Shilo_R_A’s review published on Letterboxd:
This is a challenging film for me to review. It's bizzare, the plot is very symbolic and hard to summarize, and I just have mixed feelings about the overall experience. I'll try and do my best though.
Lost Highway follows Fred Medison, a jazz musician (saxophonist) who lives with his wife, Renee. One day the start getting weird tapes that couldn't have been filmed without someone getting inside their house, and things only get weirder and weirder. Again, it's a REALLY tough movie to sum up without giving away any spoilers, but I'll try to communicate the general vibe to you later on.
Well, the core of this film, in my opinion, lies in how it presents the concept of truth. We can run from the truth, but we can't hide. We can lie to ourselves, but reality and our subconscious won't let it last. And that's kinda the point of the film, and it's done quite well. The hazy, surrealy ways Lynch uses to portray these ideas are somewhat familiar to me after Blue Velvet, and it does indeed have the unique Lynchian spark to it.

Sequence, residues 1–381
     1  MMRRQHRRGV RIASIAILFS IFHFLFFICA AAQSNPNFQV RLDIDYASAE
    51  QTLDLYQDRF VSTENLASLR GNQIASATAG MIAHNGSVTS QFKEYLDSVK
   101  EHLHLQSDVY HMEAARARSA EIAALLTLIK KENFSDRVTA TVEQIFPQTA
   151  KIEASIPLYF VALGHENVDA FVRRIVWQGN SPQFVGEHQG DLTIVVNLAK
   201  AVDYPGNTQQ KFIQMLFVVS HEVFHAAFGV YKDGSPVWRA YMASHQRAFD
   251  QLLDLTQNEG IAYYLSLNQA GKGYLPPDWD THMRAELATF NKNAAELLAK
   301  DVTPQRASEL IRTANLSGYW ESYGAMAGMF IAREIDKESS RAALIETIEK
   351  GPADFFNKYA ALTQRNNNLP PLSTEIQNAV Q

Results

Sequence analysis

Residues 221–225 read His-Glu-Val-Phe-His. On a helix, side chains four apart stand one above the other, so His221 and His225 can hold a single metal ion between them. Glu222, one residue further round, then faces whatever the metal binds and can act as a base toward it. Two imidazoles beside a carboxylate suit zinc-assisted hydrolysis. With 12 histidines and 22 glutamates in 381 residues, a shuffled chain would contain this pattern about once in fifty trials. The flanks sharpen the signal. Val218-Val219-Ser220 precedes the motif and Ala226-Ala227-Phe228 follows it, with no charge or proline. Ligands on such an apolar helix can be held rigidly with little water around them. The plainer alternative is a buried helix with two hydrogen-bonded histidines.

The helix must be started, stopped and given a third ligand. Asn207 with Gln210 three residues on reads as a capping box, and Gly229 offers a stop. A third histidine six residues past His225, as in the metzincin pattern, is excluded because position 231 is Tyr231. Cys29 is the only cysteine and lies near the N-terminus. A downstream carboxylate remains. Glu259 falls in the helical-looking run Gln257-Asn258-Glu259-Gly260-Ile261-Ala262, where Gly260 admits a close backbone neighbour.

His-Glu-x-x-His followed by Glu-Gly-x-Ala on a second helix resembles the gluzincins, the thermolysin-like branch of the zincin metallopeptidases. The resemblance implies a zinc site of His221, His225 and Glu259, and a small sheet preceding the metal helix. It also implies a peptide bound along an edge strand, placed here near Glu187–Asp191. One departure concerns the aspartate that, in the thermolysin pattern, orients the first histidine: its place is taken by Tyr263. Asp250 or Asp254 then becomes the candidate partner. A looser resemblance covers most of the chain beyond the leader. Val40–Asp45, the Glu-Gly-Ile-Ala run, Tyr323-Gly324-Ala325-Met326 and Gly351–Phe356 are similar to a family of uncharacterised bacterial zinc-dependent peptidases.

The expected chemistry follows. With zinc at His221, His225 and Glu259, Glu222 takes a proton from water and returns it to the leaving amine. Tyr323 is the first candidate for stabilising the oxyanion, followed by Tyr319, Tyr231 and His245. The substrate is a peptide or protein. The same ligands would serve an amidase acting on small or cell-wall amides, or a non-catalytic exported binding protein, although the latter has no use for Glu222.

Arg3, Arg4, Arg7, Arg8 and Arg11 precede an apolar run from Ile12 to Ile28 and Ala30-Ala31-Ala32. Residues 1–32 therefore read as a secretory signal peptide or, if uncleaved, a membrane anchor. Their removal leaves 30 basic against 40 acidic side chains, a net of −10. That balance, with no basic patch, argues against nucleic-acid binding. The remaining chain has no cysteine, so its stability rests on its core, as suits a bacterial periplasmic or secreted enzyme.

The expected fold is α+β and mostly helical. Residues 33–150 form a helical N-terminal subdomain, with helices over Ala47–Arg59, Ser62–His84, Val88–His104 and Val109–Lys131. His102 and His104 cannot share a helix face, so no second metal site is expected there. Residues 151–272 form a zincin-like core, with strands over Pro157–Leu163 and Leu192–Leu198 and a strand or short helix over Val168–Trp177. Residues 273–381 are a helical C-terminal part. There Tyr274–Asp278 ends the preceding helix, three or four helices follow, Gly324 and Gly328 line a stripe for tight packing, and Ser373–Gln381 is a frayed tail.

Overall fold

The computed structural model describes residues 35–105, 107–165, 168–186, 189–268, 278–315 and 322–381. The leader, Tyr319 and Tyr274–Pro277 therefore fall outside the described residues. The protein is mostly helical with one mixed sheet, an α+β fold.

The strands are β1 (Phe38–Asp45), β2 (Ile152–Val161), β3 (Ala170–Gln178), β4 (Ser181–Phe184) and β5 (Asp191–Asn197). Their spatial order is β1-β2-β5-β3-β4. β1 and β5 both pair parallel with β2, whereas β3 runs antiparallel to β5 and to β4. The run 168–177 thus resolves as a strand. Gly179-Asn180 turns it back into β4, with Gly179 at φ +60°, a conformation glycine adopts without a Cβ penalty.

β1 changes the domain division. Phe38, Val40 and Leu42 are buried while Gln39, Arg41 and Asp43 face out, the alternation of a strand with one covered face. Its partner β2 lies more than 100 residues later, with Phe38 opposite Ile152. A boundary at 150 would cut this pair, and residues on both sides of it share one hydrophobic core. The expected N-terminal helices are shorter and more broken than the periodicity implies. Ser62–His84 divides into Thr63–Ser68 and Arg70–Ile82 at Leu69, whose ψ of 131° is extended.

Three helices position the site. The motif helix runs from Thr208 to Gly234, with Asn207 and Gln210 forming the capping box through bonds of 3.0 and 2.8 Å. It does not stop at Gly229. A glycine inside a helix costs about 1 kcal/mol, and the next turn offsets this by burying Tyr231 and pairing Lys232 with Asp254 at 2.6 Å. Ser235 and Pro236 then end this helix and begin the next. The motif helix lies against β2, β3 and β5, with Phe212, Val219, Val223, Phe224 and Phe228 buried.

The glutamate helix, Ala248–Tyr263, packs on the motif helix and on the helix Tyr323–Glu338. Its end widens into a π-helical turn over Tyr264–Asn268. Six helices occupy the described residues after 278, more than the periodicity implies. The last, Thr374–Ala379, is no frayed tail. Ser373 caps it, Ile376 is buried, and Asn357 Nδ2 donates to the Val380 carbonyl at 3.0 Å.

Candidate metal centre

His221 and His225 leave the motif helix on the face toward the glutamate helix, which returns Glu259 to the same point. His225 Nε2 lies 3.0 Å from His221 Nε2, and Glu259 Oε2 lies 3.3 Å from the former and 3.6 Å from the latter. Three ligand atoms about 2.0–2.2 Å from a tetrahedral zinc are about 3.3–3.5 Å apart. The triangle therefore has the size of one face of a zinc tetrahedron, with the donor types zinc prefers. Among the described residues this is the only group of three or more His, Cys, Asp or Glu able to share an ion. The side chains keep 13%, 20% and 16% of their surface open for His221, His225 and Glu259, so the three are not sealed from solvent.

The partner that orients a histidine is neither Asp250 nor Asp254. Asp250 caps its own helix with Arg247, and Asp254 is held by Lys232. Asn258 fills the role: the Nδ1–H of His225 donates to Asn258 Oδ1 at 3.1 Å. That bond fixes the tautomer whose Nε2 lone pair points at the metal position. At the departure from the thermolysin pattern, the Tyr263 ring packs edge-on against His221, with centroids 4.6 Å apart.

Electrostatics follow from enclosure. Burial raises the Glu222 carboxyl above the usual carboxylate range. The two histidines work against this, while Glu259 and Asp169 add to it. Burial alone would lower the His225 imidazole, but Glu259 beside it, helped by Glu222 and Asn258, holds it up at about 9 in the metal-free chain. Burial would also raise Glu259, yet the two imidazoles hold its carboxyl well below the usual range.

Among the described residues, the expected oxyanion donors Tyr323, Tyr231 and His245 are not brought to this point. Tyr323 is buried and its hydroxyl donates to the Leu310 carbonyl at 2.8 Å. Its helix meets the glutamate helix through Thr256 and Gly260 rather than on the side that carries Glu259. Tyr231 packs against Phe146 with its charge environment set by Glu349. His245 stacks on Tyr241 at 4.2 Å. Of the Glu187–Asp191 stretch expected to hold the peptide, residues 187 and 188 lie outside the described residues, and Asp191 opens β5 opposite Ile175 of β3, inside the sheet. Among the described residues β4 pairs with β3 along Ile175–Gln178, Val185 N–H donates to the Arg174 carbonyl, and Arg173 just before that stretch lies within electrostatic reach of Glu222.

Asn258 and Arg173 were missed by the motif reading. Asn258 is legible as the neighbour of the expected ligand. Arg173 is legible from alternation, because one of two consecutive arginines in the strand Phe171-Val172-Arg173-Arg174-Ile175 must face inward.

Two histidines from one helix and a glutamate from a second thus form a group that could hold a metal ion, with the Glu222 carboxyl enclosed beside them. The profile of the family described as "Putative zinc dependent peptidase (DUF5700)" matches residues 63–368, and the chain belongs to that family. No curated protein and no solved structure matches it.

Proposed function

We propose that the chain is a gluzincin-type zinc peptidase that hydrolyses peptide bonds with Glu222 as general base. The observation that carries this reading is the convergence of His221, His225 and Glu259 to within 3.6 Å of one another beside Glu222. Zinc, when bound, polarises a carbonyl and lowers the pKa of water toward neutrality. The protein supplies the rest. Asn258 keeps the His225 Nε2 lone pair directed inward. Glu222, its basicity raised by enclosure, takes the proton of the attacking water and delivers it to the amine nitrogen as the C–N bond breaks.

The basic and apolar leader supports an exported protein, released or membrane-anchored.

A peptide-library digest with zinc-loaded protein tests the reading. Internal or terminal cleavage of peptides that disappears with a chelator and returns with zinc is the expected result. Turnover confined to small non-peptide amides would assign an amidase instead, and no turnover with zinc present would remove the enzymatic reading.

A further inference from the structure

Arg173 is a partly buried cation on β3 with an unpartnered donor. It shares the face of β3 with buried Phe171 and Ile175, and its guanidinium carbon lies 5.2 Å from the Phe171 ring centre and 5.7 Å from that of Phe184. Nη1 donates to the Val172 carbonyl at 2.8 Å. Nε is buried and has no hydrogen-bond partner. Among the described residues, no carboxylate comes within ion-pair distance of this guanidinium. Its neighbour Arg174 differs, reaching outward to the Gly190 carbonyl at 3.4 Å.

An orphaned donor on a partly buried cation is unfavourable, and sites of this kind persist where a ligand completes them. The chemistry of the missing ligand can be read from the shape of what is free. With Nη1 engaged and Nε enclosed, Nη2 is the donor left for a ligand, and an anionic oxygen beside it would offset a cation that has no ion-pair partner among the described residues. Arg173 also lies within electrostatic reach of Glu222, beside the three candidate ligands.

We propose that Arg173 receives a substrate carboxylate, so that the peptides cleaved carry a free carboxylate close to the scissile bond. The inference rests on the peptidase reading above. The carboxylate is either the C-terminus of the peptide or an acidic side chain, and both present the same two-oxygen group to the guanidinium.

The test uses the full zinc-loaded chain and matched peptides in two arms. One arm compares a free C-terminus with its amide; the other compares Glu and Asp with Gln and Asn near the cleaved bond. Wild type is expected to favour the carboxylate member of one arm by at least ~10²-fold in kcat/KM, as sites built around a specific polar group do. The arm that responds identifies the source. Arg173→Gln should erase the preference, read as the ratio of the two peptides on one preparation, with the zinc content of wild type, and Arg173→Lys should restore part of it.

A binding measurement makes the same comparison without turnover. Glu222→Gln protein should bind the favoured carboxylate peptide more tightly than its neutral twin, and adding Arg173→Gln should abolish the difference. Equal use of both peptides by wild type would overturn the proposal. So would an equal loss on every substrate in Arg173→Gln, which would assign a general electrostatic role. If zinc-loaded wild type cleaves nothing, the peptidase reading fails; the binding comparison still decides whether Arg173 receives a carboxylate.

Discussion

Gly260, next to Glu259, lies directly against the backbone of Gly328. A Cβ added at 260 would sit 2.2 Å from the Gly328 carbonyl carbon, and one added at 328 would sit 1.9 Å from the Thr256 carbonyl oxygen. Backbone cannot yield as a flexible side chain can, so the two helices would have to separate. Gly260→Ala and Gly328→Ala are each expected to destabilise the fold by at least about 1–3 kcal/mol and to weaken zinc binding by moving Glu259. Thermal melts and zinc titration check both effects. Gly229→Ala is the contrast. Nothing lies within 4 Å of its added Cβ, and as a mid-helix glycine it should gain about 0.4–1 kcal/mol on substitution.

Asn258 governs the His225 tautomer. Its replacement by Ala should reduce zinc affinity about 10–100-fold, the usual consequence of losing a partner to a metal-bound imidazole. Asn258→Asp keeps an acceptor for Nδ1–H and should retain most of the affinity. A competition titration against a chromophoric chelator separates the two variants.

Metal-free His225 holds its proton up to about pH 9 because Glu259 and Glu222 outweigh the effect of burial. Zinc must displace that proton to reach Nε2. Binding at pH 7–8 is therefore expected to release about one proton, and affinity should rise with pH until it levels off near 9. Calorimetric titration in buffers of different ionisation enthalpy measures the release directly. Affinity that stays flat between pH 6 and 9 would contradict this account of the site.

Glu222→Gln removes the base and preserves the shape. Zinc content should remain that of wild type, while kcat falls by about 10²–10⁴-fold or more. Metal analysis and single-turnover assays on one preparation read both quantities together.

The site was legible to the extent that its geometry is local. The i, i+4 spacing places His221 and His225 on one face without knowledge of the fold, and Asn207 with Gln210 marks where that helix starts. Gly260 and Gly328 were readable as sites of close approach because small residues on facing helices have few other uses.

I think I like the soundtrack, for most of the time (sometimes it's a little too odd I think, like with the Ramnstein stuff). It reflects the lunacy that pervails throughout the entire film, which is cool. The actors are all very solid, especially Robert Blake as Mystery Man (who kinda steals the show).
So yeah, the good stuff is practically the fact that Lynch excutes this surreal concept in his own unique way, it's well made and it makes think. it has strong, memorable imagery too.
I think that my main problem is a certain lack of emotional involvement. I get why the film feels cold, in many ways, but I don't feel like there's something that affected me much emotionally. It's more of an intriguing psychological journey through the eyes of a man in denial. Interesting, yes. Moving? Not so much.
To wrap it up - Lost Highway explores denial in a way that's maybe not completely groundbreaking, but is done uniquely due to Lynch's distinct style. It's well made, it has memorable imagery and many things to dig into. I think I'm gonna give it a 7.6/10. Might change as I return to it after digging more into Lynch's filmography, but these are my feelings for now.